Top Energy says a $300 million expansion of its geothermal development at Ngāwhā will fundamentally change the shape of its business, and enable it to slash electricity costs for the Far North's 64,000 residents.

The firm is on track to commission a 32-megawatt generator at Ngawha in October 2020, eight months earlier than planned, recent drilling having confirmed the potential of the field and, subject to further monitoring, enabling the construction of another 32MW unit on the same field after 2023.

Chief executive Russell Shaw said the investment, about $320 million across the two plants, would fundamentally change the shape of the business and the way it provided power for the Far North.

From next year the company would draw power from the national grid only about five per cent of the time. By 2026 it would have a near permanent surplus, with generation activities accounting for more than two-thirds of a business worth more than $1 billion.


Mr Shaw said the company was not building assets for the sake of it, however, and wanted to be able to provide a dividend to customers on that investment as soon as possible. The final shape of that increased discount would depend on how quickly debt from the generation projects was paid down, but from 2030 it could be that the lines would be free, or close to free."

"This is the game-changer," Mr Shaw told BusinessDesk.

"We will go from being one of the highest-cost regions for lines to one of the lowest. It moves us from one end of the spectrum to the other."

Lines companies, most of them community or council owned, were looking hard for ways to use new technologies like solar, batteries and smart monitoring to defer capital spending and lower the cost of their services to customers. Lines typically accounted for about a quarter of a household power bill, and most trust-owned network companies returned profits to consumers through annual discounts and grants.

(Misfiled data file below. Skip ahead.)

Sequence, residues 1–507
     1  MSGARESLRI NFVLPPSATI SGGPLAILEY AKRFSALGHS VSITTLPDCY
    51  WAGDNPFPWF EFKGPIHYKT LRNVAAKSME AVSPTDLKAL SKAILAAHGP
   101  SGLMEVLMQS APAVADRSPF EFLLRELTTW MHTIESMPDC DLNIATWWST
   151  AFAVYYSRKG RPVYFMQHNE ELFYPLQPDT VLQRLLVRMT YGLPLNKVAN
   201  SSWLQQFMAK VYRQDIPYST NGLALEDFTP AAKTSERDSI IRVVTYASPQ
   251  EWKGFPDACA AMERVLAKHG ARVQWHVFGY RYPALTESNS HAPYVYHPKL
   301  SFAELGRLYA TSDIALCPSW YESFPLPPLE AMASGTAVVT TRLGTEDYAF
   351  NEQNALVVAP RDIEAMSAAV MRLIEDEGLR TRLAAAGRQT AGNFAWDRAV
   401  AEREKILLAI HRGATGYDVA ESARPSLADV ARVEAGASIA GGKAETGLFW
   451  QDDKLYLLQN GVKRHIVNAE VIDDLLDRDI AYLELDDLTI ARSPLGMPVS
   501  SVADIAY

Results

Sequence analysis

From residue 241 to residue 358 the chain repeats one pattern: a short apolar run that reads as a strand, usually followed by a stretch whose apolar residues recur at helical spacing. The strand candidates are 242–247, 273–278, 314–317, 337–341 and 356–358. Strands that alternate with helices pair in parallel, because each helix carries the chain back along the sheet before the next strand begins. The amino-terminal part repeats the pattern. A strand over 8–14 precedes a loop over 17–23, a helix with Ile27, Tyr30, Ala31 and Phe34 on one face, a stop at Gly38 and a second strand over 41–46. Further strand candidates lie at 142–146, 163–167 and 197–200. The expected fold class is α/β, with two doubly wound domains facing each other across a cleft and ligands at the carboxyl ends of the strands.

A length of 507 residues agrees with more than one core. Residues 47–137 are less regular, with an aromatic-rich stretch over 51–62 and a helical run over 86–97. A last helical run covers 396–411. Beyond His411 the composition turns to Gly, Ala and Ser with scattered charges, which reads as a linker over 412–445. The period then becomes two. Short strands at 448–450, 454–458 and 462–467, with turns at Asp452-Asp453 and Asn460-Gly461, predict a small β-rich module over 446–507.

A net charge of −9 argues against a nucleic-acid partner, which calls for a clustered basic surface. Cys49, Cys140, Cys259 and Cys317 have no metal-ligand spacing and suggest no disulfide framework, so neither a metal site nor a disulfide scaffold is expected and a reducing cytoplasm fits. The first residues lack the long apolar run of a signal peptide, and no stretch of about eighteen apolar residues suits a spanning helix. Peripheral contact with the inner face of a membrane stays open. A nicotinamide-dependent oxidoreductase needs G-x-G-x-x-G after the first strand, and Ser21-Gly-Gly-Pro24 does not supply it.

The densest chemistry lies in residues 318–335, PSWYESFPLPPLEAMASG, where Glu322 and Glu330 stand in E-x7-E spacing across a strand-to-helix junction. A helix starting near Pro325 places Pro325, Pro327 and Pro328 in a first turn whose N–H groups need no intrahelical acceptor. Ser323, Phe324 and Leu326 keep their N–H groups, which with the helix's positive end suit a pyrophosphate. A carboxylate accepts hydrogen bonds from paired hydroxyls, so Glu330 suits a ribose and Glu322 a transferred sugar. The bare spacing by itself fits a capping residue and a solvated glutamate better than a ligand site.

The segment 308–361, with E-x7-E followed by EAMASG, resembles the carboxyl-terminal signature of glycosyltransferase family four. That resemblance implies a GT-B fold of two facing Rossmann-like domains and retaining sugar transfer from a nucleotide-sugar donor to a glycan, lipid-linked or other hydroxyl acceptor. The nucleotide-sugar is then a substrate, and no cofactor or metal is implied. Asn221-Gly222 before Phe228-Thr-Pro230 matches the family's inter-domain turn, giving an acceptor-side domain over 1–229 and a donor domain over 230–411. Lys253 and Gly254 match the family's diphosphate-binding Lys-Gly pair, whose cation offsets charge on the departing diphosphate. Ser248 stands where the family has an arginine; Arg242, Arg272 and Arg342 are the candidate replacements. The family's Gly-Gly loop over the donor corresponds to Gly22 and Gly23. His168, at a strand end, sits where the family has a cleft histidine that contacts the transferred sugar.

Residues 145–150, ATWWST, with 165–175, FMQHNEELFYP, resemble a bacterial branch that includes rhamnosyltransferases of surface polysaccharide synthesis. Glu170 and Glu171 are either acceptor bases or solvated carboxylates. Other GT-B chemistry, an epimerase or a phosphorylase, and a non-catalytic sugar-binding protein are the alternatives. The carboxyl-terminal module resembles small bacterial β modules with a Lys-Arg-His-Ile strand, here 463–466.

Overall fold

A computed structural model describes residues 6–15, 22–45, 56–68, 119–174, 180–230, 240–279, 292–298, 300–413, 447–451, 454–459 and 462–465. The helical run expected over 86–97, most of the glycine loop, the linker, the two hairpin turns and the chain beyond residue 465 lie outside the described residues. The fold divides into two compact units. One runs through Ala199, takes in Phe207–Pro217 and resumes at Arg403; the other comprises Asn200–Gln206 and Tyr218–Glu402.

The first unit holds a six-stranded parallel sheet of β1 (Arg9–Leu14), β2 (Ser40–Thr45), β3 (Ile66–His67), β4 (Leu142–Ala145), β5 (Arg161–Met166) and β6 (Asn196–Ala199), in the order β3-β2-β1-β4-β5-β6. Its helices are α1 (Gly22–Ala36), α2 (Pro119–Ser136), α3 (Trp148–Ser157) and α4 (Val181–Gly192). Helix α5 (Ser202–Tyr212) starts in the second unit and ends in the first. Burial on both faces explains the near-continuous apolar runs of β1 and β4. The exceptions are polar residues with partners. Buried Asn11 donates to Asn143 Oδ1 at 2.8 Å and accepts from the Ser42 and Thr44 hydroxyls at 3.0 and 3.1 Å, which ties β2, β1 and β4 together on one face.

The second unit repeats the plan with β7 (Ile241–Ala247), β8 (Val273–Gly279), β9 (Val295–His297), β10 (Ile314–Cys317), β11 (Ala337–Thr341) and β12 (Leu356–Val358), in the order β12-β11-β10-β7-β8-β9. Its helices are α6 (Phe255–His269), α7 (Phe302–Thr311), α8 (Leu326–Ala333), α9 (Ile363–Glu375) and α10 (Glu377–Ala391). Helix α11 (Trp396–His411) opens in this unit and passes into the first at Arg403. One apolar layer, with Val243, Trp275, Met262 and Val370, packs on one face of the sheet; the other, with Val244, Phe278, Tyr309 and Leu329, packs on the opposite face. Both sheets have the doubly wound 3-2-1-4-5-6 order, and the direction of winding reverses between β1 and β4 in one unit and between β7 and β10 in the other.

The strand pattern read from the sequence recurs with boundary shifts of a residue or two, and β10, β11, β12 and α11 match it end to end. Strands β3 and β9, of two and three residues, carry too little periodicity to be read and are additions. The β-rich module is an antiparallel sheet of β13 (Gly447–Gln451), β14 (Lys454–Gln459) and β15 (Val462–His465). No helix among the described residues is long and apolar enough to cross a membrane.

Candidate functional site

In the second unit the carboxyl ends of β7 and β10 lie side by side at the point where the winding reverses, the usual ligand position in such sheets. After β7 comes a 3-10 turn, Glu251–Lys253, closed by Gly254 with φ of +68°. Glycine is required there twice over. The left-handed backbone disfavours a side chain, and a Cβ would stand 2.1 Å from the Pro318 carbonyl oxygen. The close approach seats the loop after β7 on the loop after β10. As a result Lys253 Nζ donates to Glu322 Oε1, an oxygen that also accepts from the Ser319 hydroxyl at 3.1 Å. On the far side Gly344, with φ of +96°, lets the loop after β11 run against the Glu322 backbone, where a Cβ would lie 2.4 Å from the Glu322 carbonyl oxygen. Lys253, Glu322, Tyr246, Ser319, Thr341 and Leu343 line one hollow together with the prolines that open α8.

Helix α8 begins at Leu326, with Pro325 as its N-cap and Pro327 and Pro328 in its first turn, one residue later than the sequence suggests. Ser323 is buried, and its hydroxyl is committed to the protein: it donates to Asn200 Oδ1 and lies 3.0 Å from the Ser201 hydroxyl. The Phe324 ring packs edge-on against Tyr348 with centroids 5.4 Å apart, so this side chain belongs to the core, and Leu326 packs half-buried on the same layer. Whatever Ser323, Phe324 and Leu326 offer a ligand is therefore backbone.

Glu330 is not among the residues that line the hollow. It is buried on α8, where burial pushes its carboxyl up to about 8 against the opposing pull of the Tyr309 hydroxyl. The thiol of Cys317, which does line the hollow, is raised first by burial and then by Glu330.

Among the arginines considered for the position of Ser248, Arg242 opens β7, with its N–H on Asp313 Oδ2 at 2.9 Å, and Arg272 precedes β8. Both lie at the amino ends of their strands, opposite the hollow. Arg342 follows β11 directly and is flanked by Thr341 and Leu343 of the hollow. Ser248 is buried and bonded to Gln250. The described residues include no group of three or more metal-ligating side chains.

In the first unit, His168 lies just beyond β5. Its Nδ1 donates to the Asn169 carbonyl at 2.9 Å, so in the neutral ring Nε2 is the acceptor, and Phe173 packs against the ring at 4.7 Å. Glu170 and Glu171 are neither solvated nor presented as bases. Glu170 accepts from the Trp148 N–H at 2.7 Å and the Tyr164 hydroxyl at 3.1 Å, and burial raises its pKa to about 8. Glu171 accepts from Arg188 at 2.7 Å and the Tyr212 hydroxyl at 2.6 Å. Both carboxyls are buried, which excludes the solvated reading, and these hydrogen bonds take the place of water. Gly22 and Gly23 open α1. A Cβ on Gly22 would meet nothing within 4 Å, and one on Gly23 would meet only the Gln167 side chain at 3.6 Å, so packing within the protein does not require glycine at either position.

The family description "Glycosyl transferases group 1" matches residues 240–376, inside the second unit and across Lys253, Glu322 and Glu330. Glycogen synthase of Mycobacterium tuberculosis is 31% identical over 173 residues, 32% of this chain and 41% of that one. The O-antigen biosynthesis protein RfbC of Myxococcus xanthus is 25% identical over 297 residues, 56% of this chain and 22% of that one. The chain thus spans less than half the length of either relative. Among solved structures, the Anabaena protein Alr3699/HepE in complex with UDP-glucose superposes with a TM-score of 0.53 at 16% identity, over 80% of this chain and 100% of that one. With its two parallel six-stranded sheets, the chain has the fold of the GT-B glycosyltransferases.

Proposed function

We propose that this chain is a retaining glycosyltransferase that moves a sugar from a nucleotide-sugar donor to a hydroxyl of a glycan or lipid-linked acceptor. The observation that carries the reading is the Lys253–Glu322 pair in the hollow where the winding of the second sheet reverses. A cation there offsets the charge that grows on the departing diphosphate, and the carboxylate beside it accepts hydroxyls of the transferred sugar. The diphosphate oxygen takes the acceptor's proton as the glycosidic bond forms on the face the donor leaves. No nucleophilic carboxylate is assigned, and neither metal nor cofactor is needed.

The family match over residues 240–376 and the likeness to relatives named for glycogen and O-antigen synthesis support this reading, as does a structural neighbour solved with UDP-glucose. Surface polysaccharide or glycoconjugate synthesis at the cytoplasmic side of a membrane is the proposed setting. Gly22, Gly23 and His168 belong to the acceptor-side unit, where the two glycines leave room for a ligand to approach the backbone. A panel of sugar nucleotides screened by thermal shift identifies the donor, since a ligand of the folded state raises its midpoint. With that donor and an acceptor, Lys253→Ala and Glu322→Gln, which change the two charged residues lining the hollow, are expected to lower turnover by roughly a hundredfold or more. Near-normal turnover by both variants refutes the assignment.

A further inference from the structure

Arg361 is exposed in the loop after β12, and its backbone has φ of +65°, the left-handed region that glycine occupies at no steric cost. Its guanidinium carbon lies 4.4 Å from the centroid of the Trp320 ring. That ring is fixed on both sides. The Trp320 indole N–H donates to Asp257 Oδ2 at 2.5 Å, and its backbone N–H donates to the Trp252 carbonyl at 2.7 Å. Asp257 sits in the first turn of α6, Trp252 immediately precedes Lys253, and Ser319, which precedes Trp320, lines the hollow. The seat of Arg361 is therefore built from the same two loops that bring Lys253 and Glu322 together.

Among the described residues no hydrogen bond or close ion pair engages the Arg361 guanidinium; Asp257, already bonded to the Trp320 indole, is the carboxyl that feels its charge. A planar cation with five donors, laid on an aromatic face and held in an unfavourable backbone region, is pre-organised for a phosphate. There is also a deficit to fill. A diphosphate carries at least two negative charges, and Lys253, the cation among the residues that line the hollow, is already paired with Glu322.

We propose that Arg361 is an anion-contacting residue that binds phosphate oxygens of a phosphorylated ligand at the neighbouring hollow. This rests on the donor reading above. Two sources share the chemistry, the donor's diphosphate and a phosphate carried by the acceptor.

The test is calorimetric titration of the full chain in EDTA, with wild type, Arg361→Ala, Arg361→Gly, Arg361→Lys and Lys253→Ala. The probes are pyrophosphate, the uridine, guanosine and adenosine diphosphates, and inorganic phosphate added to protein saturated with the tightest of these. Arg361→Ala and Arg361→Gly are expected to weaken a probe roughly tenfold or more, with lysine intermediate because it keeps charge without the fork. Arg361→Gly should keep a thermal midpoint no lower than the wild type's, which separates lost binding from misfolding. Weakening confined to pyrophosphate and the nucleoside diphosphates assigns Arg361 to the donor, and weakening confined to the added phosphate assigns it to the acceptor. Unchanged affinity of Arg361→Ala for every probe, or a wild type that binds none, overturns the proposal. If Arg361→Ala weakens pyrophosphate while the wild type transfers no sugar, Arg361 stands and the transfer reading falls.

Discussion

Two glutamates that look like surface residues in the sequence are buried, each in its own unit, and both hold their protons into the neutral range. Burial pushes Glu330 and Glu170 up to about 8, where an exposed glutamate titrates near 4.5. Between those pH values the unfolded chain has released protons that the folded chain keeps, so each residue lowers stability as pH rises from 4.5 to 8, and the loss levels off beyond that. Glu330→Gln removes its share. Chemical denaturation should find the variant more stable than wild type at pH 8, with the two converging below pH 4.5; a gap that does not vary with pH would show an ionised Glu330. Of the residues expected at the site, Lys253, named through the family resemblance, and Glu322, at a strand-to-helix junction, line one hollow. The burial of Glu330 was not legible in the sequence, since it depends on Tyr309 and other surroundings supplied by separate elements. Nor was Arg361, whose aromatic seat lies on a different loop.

Top Energy had it harder than many, with more than 4000km of lines throughout the broken country of the Far North and only 31,000 homes and businesses connected to them.

The biggest centre, Kerikeri, had only 150 commercial customers, while the district had just two industrial customers, AFFCo in Moerewa and Juken New Zealand in Kaitaia.

The district had fewer than nine people per square kilometre, a figure that fell further when the 16,000 living in Kerikeri, Kaikohe and Kaitaia were excluded.

Top Energy estimated that about a third of its network was uneconomic, and while Kerikeri was booming, many other communities endured 20 per cent-plus unemployment.

Mr Shaw said a year ago the firm's shareholding trust had added a new objective for the company.

As well as operating a safe, reliable network, and a financially and environmentally sustainable business, its goals now included minimising the total delivered cost of electricity to its customers.

That fundamental shift, enabled by the generation investment, changed the company's approach to how do we meet the supply for the Far North from within the Far North?

The district had two big advantages in its geothermal resource, and its vying with Network Tasman for the country's highest rate of solar installations.

More than 730 homes and businesses had solar panels, which were already meeting more than 10 per cent of the day-time summer load.

That number would grow, but to date panels had predominantly been installed on the wealthy eastern seaboard. Mr Shaw said he was determined to ensure that the cashflow from the generation business lowered power costs for the thousands of Top Energy customers in rental homes, or who would never be able to afford solar.

The company would take advantage of the small size of its network, "really a regional micro-grid," to provide an optimal outcome for all customers.

It had already said that some isolated communities would be better supplied with their own micro-grids, built around solar and batteries, and some other generation, but he expected a very low, or nil, network charge to make it easier for more people to use solar and to trade surplus power with neighbours or export it back to the local grid.

Top Energy could also adjust its exports from the geothermal plants to complement the region's rooftop supplies, possibly reducing the need for the utility-scale batteries some networks were investing in for the same role.

Mr Shaw was also considering building a solar array at Ngāwhā to offset the decline in production from the geothermal plants, which were effectively big heat exchangers, on hot summer days.

Top Energy built its first pilot plant at Ngāwhā in 1998, and now had 25MW of capacity there, exporting power about three per cent of the time. Peak demand on the network was 75MW.

Six wells had been drilled for the new plant — the company had hoped to need only four — and 36ha of civil works were well advanced. The workforce would peak at about 150 in July or August.

Meanwhile the company was doing well from recent high wholesale power prices, and had pre-sold 80 per cent of the output from the next plant.

"Lines businesses are quite often criticised for not taking a long enough view," Mr Shaw said.

"The decisions of our board and trust here are 25 to 35-year ones. They are not talking about the next five years."